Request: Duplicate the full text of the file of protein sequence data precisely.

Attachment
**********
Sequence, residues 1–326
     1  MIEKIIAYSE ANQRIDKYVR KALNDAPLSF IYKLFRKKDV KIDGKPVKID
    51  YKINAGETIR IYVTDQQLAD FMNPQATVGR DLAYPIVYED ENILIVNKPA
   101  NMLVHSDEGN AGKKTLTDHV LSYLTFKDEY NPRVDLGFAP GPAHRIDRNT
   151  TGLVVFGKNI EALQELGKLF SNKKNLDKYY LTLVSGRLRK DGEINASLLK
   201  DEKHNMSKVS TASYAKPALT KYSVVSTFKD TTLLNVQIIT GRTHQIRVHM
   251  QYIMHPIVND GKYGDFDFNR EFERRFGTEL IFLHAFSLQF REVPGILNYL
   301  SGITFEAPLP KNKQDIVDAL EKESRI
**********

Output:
Sequence, residues 1–326
     1  MIEKIIAYSE ANQRIDKYVR KALNDAPLSF IYKLFRKKDV KIDGKPVKID
    51  YKINAGETIR IYVTDQQLAD FMNPQATVGR DLAYPIVYED ENILIVNKPA
   101  NMLVHSDEGN AGKKTLTDHV LSYLTFKDEY NPRVDLGFAP GPAHRIDRNT
   151  TGLVVFGKNI EALQELGKLF SNKKNLDKYY LTLVSGRLRK DGEINASLLK
   201  DEKHNMSKVS TASYAKPALT KYSVVSTFKD TTLLNVQIIT GRTHQIRVHM
   251  QYIMHPIVND GKYGDFDFNR EFERRFGTEL IFLHAFSLQF REVPGILNYL
   301  SGITFEAPLP KNKQDIVDAL EKESRI